No Home Treatment for a Dog Tooth Abscess

An abscess, or tooth infection, is painful for your dog and will not resolve on its own. If it “bursts,” it releases more bacteria into the dog’s body, resulting in more infections.


A dog tooth abscess is a painful infection that may resolve with antibiotics but will likely require surgery to remove the problem tooth. No home treatment can resolve a tooth abscess. If not treated and the bacteria in the abscess manage to work their way down into the pockets around the tooth roots, big trouble can start, including additional infections. A tooth infection is an emergency.

Slightly Squishy Swollen Face

An abscess is a pocket of pus, bacteria, white blood cells, and dead tissue that can develop when a wound or other enclosed space becomes infected.

In the case of a tooth root abscess, bacteria find pockets in the gums a perfect place to live—warm, wet, and little-to-no oxygen. The bacteria quickly reproduce, and then the immune system sends in white blood cells to fight the bacteria. All this can damage the surrounding tissues, resulting in a slurry of nastiness that forms the abscess.

Abscesses are painful because of the pressure they exert on the surrounding tissues. Since there isn’t much space in a dog’s jaw, the infection expands where it can around the infected root, usually resulting in a firm lump on the side of the dog’s face.

Any tooth can develop a root abscess, but the canine teeth (the big pointy ones in the front) and carnassial teeth (the big chompers in the back) are the most common culprits. These teeth have long roots that go deep into the jaw. Note: The crown of the tooth is the part that we can see, and then the root extends into the gums and attaches in the jawbones. The deep roots anchor the teeth in place and protect the nerves and blood vessels that keep the living parts of teeth healthy.

Tooth root abscesses usually only occur on one side of the face and will be a firm or slightly squishy swelling. The swelling may feel warm to the touch, and your dog will likely be uncomfortable and not want to have his face handled.

Symptoms of a Dog Tooth Root Abscess

  • Firm swelling on the side of the face, usually midway between the nose and eye or under the eye
  • Not wanting to chew on that side of the mouth
  • Poor appetite
  • Rubbing at the face
  • Fever
  • Acting subdued and uncomfortable


Small tooth abscesses may resolve with antibiotics alone. If you suspect your dog has a tooth root abscess, take him to a veterinarian to make sure that is truly what is going on. An abscess can often be diagnosed via exam alone, but your vet may also recommend a skull X-ray to look at the jaw and see where exactly the problem is.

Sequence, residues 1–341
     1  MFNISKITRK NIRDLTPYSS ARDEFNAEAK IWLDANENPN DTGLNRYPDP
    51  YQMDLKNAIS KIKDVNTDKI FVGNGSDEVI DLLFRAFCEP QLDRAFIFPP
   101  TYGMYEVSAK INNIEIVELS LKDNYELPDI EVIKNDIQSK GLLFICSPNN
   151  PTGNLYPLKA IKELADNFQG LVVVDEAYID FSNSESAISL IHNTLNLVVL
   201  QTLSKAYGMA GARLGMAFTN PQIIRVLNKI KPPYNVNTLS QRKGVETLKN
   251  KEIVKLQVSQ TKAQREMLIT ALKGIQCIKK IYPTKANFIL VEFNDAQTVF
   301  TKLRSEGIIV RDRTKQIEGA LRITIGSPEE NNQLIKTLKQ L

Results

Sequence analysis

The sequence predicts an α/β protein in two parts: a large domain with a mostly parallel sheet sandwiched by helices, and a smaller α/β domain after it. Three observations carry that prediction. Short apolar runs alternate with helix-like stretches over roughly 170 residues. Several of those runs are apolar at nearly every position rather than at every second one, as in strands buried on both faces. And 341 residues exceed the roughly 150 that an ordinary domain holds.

Antibiotics may be able to kill off all the bacteria and clear the infection, but a deep-seated infection can be difficult to clear. If the tooth abscess does not respond to antibiotics or if the swelling returns, your veterinarian will recommend scheduling a dental cleaning and extraction to remove the infected tooth.

Removing the infected tooth does several things. First, it removes the damaged tooth, which is probably painful if the nerves have been breached by the infection. Second, it opens up the area so that the abscess pocket can be flushed clean, physically removing bacteria and debris so the pocket can heal.

You will notice that your dog feels better within days after the dental extraction.

There is no effective dog tooth abscess home treatment. Unless the abscess bursts, you cannot access it to clean out the bacteria and dead tissue causing the trouble, and the bacteria will continue to thrive. take him to a veterinarian to make sure that is truly what is going on

What to Do if Dog Tooth Abscess Bursts

If a tooth root abscess goes untreated, it will continue to grow. For shallower teeth, like the incisors or premolars, the abscess may eventually drain into your dog’s mouth. But for those canine and carnassial teeth, it is a long way from the tip of the root to the surface of the gum. This is why abscesses around these teeth show up as bumps on the side of the dog’s face. Given enough time, some of these abscesses will burst through the skin and cause an oozy, bleeding mess.

A ruptured abscess is gross, but it does relieve the pressure on your dog’s face and jaw and open up the area. Your vet will flush and clean the wound, then prescribe antibiotics to kill any remaining bacteria and speed up healing.

Your dog may still need to have the affected tooth removed, as a root damaged by an infection can continue to be vulnerable to future abscesses.

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Kate Basedow, LVT is a long-time dog enthusiast. She grew up training and showing dogs, and is active in a variety of dog sports. She earned her Bachelors Degree in English from Cornell University in 2013, and became a licensed veterinary technician in New York in 2017. She has been writing professionally about dogs for most of her life, and has earned multiple awards from the Dog Writers' Association of America. Kate currently has three dogs at home, as well as a cat, two zebra finches, and six ducks.